The "Targets" graph is a list of all the targets that are currently being pinged. This can be sorted by clicking the column header that you want to sort by, and can be manipulated in a variety of ways by right-clicking on the grid.
There are a number of columns that can be displayed on the Targets Grid. Some of these are optionally displayed, and they can be shown / hidden by right-clicking on the grid and using the "Customize View" menu option. The colors displayed and indicators are customizable.
Note: all statistic columns use the "Samples to include" setting to know how many samples to examine.
The Status column is always displayed as the left-most column in the grid. This is used to show if an alert is applied to this target, and also if there is a time-graph visible in the main screen.
When a time graph is visible for a target, the status column has a thick black bar. Double-clicking on that will turn the time graph on and off.
When an alert is associated with a target, a bracketed A will appear.
When an alert is "alerting" for a target, an exclamation point will appear on that target.
Floating your mouse over the exclamation point will show more details about that alert.
The exclamation point only appears if you're looking at the current time period. If you go back and look at history, the alert "exclamation point" will not appear.
The "Err" Column shows the number of lost packets. This is an exact numeric count, is not an error code, but just an error count.
The PL% column is the percentage of lost packets. This is the Err (above) number, divided by the number of samples collected. This normally matches the "Samples to include" number after enough samples have been collected.
This is the IP Address for this target. Every target has an IP Address, and each IP Address can only exists in the list once.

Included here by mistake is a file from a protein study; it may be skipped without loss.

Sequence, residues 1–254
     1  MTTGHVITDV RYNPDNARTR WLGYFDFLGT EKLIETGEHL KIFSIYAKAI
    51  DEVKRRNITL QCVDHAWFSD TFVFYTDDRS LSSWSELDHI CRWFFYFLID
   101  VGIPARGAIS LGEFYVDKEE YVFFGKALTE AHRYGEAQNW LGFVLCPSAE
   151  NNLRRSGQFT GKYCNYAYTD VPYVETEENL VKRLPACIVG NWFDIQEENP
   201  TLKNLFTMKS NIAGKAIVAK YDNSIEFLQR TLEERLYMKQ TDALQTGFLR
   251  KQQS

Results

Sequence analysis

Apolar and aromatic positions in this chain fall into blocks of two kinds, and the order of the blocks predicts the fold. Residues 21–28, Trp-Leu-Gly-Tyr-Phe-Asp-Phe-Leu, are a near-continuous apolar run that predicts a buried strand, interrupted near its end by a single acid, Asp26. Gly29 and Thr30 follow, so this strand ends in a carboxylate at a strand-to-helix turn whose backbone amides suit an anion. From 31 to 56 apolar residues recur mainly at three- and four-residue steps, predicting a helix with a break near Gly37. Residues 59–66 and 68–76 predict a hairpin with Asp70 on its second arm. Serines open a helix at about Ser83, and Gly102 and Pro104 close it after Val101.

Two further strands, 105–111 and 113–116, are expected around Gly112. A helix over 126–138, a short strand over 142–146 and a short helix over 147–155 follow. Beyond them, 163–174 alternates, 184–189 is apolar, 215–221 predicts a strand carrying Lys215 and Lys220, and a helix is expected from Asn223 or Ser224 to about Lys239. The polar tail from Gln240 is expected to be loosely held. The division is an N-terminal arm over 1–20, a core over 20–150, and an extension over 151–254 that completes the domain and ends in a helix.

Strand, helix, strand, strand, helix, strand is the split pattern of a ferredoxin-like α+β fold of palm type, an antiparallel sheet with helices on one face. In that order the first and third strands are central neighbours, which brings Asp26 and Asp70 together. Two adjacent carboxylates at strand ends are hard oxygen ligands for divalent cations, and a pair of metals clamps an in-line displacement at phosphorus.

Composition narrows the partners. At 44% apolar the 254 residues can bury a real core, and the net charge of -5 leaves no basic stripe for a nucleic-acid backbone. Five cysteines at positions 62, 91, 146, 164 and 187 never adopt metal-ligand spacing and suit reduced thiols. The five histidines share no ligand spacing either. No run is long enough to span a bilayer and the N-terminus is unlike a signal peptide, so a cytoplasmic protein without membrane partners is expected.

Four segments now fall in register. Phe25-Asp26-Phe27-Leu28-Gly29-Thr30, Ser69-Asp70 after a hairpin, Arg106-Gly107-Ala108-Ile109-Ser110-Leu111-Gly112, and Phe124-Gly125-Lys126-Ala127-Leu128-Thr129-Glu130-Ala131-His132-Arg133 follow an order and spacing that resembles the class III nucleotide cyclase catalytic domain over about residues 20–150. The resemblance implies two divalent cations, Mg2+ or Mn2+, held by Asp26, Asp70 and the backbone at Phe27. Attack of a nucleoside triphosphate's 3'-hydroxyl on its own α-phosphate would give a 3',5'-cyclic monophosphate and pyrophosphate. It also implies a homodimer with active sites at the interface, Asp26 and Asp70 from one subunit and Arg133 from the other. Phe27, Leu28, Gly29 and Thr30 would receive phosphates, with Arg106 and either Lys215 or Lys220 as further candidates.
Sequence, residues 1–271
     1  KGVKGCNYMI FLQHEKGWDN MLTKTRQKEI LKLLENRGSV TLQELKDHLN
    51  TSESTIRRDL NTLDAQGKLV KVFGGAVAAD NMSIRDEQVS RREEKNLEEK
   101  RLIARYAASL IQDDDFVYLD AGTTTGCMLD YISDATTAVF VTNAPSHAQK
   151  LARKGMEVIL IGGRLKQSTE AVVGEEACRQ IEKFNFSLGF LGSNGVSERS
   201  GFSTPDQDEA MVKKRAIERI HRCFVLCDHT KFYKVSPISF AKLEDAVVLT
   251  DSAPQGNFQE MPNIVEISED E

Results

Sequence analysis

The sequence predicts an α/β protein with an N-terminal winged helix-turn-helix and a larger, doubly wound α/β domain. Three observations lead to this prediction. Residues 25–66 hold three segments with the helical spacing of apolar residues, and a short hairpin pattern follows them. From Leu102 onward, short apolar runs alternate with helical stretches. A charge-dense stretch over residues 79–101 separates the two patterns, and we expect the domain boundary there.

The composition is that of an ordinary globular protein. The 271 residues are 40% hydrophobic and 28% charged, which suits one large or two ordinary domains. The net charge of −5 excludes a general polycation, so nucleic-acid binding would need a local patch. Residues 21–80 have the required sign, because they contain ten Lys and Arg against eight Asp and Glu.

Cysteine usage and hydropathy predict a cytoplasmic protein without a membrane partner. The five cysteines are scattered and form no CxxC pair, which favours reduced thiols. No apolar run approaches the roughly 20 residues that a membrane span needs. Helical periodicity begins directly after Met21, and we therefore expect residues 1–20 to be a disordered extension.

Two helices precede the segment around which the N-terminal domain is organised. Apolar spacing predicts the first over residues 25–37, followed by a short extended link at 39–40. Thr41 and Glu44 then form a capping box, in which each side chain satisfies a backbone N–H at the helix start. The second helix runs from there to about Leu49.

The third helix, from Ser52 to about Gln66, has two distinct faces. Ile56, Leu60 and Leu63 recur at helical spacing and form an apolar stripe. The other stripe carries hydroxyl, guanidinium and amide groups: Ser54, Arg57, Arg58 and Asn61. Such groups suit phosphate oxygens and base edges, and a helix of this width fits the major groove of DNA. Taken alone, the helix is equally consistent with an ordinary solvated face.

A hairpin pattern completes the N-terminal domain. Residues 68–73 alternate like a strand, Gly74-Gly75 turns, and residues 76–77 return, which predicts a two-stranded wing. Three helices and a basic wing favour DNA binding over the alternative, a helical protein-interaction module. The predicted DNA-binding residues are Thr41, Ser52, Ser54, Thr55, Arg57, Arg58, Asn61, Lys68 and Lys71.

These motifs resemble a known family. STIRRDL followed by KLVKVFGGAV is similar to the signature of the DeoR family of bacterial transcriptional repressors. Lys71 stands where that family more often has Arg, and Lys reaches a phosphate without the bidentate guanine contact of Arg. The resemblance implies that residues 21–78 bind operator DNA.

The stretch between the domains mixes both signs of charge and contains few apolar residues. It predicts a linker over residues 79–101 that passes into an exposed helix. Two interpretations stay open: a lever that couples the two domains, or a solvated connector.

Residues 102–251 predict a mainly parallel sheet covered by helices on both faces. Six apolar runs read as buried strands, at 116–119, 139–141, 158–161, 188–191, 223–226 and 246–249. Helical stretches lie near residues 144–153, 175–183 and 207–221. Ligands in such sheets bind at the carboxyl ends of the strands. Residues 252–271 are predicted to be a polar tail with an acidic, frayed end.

This is the best name that MultiPing can determine for this target. If you entered the target in name form, rather than IP Address form, then that name will be displayed. If you entered an IP Address, then this is the reverse resolved name. If you entered the target in the form: "192.168.10.23 My Server Name", then "My Server Name" will be displayed here. You can use this mechanism to use your own names for the targets.
This is the true average latency for this target. Total the latencies, divide by the count and you'll have what is displayed here. A lost packet does not contribute to this average, however.
The lowest latency in the period.
The highest latency in the period.
The most recent sample collected. This might be "ERR" if the most recent sample was a lost packet. If you're looking at data in the past, this is the most recent sample in the period under inspection.
This is a great column of the grid. This shows a Min/Max line (unless it's hidden), a blue current "X" (most current sample), and a red "average" line (the vertical line). Packet loss is also displayed here as a light red bar, which gets longer as the packet loss increases.